Not on US freight tracks with at-grade crossings they don't. There's hundreds of grade crossings on the Hoosier State/Cardinal rail line, many of which are marked with just a crossbuck. That's how it is for most Amtrak lines. They're lucky to run 50 MPH on that line. Through Indy, Lafayette, and going into Chicago it runs 30, maybe 35 MPH.

Even the "speedy" Amtrak Northeast Corridor which runs Boston to New York to Washington, DC is only able to go over 60 MPH in short sections through Maryland. Unlike most rail lines in the US, the NEC has NO grade crossings. However because the corridor is shared by multiple commuter lines (NJ Transit, MBTA in Boston, SEPTA in Philly) and runs over corridor that dates back to the New York Central and Pennsylvania Railroad days of 100 years ago. Its restricted in the speed it can run safely. Just look at what happened when the northbound NEC took a curve in Philly too fast. There's an effort by Amtrak to upgrade the NEC to run 150 MPH trains over the route which would make the train a faster alternative to air travel in the Northeast - and currently has a $151 Billion price tag that is currently unfunded by Congress.

"Megabus is great .... If the bus doesn't crash ..."

Yerrrssssss..... their safety record isn't the greatest right now. And it goes over the same chronically congested I-65.

Anonymous said...

Supply and Demand. Something first taught in high school. Currently there is NO demand for train service because it is too slow and there are not enough arrivals for the passengers to desire it. The passengers are better off to drive or take a bus.

This is an example of Government waste. The train should either be eliminated or modified to allow multiple arrival times in reasonable travel times.

Anonymous said...

"Iowa Pacific, a Chicago-based privately-owned company, will supposedly share 25% of any profits it makes from operating the Hoosier State Line with the Indiana Department of Transportation".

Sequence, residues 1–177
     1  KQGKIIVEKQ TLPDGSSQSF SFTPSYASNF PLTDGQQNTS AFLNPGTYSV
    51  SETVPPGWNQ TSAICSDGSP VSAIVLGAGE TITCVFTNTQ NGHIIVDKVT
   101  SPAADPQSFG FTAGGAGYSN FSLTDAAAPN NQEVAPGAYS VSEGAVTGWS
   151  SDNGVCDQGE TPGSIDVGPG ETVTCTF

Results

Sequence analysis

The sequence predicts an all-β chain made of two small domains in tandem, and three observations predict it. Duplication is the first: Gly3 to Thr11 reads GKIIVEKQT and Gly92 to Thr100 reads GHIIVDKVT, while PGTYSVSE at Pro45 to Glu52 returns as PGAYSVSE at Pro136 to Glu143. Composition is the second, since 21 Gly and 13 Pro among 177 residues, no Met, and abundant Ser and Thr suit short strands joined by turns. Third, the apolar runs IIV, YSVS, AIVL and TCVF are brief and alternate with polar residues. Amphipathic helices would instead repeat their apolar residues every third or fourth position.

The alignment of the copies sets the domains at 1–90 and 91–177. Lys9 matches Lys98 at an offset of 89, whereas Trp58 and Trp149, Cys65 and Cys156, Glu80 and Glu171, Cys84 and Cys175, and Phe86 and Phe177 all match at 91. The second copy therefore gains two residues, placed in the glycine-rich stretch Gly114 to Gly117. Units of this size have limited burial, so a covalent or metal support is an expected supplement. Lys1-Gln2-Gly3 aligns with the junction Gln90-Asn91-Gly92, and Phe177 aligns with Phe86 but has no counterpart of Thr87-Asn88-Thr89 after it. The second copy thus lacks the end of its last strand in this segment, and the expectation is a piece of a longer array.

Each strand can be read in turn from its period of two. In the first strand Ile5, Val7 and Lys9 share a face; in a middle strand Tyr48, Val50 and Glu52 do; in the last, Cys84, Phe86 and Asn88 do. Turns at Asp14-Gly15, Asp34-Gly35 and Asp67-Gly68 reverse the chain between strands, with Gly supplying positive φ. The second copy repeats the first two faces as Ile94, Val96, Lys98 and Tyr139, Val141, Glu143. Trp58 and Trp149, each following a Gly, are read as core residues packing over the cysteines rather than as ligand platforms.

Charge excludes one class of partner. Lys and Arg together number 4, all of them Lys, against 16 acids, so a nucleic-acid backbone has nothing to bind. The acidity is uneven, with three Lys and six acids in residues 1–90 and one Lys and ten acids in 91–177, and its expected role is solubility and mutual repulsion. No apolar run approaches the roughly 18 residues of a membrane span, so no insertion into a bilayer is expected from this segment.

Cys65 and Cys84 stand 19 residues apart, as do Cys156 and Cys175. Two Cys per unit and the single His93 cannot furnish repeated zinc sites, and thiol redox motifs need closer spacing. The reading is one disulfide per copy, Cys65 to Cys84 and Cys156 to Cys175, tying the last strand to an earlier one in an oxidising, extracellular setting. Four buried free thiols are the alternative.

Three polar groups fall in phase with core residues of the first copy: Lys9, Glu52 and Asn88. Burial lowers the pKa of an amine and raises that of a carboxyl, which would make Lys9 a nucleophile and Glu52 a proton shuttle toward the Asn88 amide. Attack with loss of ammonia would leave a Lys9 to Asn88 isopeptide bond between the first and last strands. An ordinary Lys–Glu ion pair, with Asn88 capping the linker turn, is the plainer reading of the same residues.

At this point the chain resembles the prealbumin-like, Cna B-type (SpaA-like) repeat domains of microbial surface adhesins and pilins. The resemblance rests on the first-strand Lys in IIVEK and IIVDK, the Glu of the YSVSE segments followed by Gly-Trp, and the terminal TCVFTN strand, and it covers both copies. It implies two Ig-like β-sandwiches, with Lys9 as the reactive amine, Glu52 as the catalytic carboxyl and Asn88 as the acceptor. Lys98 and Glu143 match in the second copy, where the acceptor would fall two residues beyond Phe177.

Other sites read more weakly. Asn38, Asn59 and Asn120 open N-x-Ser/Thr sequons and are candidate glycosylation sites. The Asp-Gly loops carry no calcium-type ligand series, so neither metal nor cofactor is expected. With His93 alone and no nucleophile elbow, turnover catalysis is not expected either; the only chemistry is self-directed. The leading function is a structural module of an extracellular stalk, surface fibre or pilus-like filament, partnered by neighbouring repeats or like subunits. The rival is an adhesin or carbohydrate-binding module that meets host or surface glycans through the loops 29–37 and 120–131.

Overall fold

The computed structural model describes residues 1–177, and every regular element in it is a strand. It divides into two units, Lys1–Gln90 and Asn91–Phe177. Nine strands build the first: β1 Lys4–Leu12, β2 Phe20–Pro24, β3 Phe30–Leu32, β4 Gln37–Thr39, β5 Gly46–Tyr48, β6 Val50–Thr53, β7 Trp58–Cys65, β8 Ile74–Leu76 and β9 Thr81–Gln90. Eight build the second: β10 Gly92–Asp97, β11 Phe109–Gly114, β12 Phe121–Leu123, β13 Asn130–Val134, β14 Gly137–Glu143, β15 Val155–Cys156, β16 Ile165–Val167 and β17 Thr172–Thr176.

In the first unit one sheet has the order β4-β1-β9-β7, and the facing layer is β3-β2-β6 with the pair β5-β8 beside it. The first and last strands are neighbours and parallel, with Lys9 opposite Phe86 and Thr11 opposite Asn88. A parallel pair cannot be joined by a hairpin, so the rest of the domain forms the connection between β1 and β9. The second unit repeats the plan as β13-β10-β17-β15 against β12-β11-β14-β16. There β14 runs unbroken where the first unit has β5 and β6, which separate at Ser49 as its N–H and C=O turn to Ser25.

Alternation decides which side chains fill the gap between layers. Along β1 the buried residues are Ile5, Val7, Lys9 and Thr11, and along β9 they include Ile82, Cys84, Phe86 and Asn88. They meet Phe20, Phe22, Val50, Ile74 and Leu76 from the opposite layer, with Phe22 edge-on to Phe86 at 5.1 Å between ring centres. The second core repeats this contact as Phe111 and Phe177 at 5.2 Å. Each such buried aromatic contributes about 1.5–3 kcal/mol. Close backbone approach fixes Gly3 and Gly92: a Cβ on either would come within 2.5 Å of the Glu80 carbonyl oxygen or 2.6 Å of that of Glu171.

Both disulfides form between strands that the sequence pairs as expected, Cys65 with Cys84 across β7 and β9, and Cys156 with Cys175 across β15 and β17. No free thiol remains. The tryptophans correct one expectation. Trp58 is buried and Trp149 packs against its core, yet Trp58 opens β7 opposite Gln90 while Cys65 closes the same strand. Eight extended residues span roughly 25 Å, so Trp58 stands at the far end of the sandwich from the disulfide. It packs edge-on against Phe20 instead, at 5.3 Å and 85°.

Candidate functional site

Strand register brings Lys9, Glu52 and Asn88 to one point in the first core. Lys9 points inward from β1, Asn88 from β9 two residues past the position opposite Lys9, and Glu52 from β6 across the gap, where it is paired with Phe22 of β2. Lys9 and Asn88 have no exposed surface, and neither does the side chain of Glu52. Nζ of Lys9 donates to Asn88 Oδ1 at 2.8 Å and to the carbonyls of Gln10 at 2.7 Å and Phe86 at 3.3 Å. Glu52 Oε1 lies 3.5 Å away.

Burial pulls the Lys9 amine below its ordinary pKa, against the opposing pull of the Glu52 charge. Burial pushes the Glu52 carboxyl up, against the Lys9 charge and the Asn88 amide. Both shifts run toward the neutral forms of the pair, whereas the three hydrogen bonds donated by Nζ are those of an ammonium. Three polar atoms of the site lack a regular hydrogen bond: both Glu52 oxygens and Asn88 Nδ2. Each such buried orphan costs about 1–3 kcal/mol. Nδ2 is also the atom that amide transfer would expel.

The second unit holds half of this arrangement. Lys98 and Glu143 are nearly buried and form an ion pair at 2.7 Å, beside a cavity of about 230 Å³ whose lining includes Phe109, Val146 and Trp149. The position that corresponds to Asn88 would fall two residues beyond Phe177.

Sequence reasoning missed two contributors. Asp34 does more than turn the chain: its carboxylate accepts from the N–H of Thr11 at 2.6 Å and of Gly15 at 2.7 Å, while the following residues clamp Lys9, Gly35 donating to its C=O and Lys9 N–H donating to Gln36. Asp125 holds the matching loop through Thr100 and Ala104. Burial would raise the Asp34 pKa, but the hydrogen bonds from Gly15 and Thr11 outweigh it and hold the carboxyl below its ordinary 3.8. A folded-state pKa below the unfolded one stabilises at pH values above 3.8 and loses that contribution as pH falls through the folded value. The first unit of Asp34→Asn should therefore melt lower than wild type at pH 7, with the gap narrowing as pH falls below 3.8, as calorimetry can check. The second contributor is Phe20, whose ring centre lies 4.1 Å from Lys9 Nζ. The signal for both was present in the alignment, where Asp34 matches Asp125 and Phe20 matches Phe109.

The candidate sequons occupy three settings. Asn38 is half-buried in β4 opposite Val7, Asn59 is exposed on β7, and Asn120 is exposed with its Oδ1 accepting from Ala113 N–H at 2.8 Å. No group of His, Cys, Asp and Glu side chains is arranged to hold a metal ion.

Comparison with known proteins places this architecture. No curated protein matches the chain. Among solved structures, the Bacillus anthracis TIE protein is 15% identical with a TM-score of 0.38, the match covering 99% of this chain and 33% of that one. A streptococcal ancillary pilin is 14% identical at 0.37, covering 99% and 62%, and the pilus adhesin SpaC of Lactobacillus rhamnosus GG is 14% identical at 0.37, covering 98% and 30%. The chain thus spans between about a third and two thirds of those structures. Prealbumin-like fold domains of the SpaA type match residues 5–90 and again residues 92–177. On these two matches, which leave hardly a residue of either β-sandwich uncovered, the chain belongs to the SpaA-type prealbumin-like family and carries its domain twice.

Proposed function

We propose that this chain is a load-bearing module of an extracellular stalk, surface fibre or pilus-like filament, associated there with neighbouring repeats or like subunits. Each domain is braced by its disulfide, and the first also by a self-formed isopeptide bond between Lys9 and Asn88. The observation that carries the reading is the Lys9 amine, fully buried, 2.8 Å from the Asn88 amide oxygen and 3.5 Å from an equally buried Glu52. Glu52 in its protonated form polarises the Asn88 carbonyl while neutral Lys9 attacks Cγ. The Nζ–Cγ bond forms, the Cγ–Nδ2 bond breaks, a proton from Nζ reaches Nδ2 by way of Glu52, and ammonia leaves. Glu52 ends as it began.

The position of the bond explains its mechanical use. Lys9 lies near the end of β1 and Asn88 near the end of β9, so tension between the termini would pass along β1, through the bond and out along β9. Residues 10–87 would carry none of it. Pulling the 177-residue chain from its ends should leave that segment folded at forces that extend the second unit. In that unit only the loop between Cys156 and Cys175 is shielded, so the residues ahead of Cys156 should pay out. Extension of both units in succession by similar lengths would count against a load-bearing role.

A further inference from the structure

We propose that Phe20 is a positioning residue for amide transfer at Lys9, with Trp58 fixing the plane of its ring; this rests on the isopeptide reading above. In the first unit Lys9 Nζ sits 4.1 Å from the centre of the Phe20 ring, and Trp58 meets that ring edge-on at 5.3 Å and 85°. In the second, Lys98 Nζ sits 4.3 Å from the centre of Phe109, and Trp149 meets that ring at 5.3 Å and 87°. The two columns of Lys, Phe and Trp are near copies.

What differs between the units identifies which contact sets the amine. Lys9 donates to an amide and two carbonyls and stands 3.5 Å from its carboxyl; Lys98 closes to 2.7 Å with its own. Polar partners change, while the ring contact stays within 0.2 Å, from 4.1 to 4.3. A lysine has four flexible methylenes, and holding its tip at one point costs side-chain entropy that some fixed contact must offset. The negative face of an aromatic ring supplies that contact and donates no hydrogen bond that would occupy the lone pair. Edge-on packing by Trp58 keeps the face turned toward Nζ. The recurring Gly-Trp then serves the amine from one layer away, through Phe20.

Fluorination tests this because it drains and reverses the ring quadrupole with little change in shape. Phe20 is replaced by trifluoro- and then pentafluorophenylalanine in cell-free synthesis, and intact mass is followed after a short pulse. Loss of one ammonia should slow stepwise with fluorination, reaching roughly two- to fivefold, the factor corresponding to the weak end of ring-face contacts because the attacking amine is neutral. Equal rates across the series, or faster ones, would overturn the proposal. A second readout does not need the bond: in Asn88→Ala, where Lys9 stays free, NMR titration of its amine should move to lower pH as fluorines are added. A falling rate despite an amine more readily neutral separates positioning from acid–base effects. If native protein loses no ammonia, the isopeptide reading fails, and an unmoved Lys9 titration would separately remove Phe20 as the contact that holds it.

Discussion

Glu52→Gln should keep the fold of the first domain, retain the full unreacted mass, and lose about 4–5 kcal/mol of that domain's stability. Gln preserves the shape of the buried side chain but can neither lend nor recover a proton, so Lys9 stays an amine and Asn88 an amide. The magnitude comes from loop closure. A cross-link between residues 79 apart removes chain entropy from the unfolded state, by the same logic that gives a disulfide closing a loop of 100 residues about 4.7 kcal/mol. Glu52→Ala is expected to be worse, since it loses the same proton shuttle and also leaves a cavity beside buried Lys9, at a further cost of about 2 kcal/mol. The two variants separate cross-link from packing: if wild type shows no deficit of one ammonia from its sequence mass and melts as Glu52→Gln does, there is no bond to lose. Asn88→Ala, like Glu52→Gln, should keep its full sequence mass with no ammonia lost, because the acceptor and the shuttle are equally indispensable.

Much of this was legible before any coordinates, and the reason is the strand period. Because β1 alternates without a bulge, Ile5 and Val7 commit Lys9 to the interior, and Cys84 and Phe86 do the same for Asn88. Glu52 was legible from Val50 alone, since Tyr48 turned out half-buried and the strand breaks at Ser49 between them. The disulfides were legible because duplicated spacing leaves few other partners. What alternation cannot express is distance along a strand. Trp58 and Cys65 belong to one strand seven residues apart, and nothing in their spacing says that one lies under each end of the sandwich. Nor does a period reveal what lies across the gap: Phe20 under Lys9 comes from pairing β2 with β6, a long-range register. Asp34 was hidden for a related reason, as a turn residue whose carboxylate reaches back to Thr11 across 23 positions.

Interesting that the Star did not go one step further and find out what/if there has been any profit in the past. (Has there been a profit? IDK.
The train runs 4 days a week or 16 days a month. 250K ÷ 16 comes to $15,625 a day.
Try selling that to the taxpayers in Fort Wayne, Richmond and those in the southeastern part of the State.

Sir Hailstone said...

"Interesting that the Star did not go one step further and find out what/if there has been any profit in the past. (Has there been a profit? IDK"

It's well known Amtrak has yet to turn a profit since its inception in the 1970's and likely won't. What was intended to be a self-sustaining entity has not turned out that way. Amtrak now holds the position that rail service in the US cannot compete against the speed and volume of airlines on fares alone and will require some sort of subsidy for the foreseeable future in either direct fare subsidies or government paying for future line upgrades.
The only Amtrak rail line that is closest to break-even is the high volume NEC. The Hoosier Line along all of the other intra-state services like the Illinois state service and the California service are heavily subsidized by their respective states. This isn't limited to just Amtrak. We're paying subsidies for NICTD - better known as the South Shore Railroad.